Monday, March 11, 2019

The Library Book

The Library Book, Susan Orlean

“Worldwide, there are 320,000 public libraries serving hundreds of millions of people in every country on the planet.” Susan Orlean has written an ode to those libraries with an account focussing on Los Angeles Library. Orlean remembers a childhood spent with her mother at the local library:
“On the ride home, my mom and I talked about the order in which we were going to read our books and how long until they had to be returned, a solemn conversation in which we decided how to pace ourselves through this charmed, evanescent period of grace until our book were due.”
After years away (spent purchasing rather than borrowing books), she rediscovered the joy of the library with her young son, and realised that much is the same in libraries as it ever was.
“It wasn’t that time stopped in the library. It was as if it were captured here, collected here, and in all libraries – and not only my time, my life, but all human time as well. In the library, time is dammed up – not just stopped but saved. The library is a gathering pool of narratives and of the people who come to find them. It is where we can glimpse immortality; in the library, we can live forever.”
Yet, libraries have also changed vastly, dealing with digitisation, and becoming of one of the last free, safe public spaces available to all people, which now often provide children’s story time, ESL classes, genealogical services, assistance with government support and help for the homeless.
“The publicness of the public library is an increasingly rare commodity. It becomes harder all the time to think of places that welcome everyone and don’t charge any money for that warm embrace... One of the few places homeless people are welcomed, given access to computers and the Internet, and permitted to dally all day (unless they act out) is a public library. Libraries have become a de facto community centre for the homeless across the globe. There is not a library in the world that hasn’t grappled with it issue of how – and how much – to provide for the homeless. Many librarians have told me they considered this the defining question facing libraries right now...”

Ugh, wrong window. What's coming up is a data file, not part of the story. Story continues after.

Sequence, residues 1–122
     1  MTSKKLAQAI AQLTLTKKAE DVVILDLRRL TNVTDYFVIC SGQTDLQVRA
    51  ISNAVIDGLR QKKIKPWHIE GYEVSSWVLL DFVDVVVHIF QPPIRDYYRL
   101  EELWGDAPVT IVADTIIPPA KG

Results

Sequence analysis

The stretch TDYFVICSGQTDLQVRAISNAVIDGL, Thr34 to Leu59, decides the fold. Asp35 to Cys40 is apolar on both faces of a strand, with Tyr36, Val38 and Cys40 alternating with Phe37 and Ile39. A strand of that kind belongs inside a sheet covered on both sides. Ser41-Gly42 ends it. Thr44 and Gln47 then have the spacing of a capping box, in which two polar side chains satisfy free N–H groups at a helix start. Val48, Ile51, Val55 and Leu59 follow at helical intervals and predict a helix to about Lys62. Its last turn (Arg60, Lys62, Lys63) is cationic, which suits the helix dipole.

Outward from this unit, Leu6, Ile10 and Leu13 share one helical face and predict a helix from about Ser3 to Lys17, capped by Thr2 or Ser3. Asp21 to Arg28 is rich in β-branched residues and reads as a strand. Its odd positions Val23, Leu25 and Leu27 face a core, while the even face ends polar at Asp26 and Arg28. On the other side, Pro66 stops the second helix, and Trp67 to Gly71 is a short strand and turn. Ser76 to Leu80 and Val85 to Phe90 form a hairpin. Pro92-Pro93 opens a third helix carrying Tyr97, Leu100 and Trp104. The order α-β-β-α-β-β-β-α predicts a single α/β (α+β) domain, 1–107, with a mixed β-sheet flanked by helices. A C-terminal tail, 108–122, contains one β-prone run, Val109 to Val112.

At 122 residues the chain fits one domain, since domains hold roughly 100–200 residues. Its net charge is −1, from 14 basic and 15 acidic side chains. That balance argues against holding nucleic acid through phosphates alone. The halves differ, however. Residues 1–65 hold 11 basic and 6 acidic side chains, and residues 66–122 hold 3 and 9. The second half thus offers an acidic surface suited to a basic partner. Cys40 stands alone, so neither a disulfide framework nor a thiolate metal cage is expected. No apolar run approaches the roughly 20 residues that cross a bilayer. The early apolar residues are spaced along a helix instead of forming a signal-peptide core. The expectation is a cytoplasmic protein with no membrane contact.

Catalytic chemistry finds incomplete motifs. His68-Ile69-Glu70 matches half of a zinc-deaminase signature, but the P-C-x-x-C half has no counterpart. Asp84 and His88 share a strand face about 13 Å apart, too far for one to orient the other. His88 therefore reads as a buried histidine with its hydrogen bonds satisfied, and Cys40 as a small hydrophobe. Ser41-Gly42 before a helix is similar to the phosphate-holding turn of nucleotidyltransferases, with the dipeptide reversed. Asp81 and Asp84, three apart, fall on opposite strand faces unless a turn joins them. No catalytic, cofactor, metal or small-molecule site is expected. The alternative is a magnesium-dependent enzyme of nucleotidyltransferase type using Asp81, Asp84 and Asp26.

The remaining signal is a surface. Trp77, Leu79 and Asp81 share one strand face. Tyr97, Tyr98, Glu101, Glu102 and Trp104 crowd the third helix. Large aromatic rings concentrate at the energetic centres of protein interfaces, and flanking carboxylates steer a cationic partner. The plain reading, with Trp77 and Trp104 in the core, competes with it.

By focussing on Los Angeles library she deals with the major fire that damaged almost 1 million books and items in April 1986. So there are many details about how the fire spread, the damage done and the investigations that followed. One man in particular, Harry Peak, was always a suspect, but never convicted. It was interesting to read about a major fire and loss that I never heard about (we were even living in the USA at the time) partly because it was overshadowed by the Chernobyl disaster.

Woven throughout is the history of the library to date, from its humble beginnings, moving around various buildings and finally the construct of the landmark building it is today. She introduces us to the various librarians who have held the post with their quirks and foibles, and gives the reader an insight into the massively complex job it is to now run a major library network in a modern city,

She also talks about the role of books in general, and since this is a book about massive damage to a library, also considers what war and a decision to burn books does to the public record and says about the values of a people.
“Taking books away from our culture is to take away its shared memory. It’s like taking away the ability to remember your dreams. Destroying our cultures books is sentencing it to something worse than death: It is sentencing it to seem as if it never lived.”
Obviously I love books, love reading and love our library system. Not only do I love the actual books I get from it, we also borrow numerous DVDs, and every single book I read on long service leave (including this one) was a digital loan on an iPad, administered by our local library. I am getting to know our librarians personally and expressed my concern to them recently that a new automated borrowing system would not affect their employment. They assured me they have plenty to do elsewhere!

An interesting and insightful read about libraries and books, and the place they hold in our society.

No comments: